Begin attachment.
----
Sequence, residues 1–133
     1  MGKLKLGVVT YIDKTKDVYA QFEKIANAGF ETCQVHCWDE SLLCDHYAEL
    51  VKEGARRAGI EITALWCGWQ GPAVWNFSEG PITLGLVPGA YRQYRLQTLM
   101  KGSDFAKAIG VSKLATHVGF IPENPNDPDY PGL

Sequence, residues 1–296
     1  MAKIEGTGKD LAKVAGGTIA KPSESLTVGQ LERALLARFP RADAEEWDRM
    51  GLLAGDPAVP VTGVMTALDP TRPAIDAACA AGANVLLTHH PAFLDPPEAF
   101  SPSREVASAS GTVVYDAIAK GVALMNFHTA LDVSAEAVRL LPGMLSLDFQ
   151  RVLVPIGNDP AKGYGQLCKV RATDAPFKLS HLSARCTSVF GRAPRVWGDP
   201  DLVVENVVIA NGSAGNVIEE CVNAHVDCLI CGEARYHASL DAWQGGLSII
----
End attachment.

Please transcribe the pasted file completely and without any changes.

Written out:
Sequence, residues 1–133
     1  MGKLKLGVVT YIDKTKDVYA QFEKIANAGF ETCQVHCWDE SLLCDHYAEL
    51  VKEGARRAGI EITALWCGWQ GPAVWNFSEG PITLGLVPGA YRQYRLQTLM
   101  KGSDFAKAIG VSKLATHVGF IPENPNDPDY PGL

Sequence, residues 1–296
     1  MAKIEGTGKD LAKVAGGTIA KPSESLTVGQ LERALLARFP RADAEEWDRM
    51  GLLAGDPAVP VTGVMTALDP TRPAIDAACA AGANVLLTHH PAFLDPPEAF
   101  SPSREVASAS GTVVYDAIAK GVALMNFHTA LDVSAEAVRL LPGMLSLDFQ
   151  RVLVPIGNDP AKGYGQLCKV RATDAPFKLS HLSARCTSVF GRAPRVWGDP
   201  DLVVENVVIA NGSAGNVIEE CVNAHVDCLI CGEARYHASL DAWQGGLSII